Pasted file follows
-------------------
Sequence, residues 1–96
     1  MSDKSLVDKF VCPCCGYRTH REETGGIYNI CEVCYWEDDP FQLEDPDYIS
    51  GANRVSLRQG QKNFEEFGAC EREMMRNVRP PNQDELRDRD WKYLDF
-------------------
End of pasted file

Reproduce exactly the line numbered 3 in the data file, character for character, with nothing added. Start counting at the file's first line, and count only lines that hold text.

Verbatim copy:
    51  GANRVSLRQG QKNFEEFGAC EREMMRNVRP PNQDELRDRD WKYLDF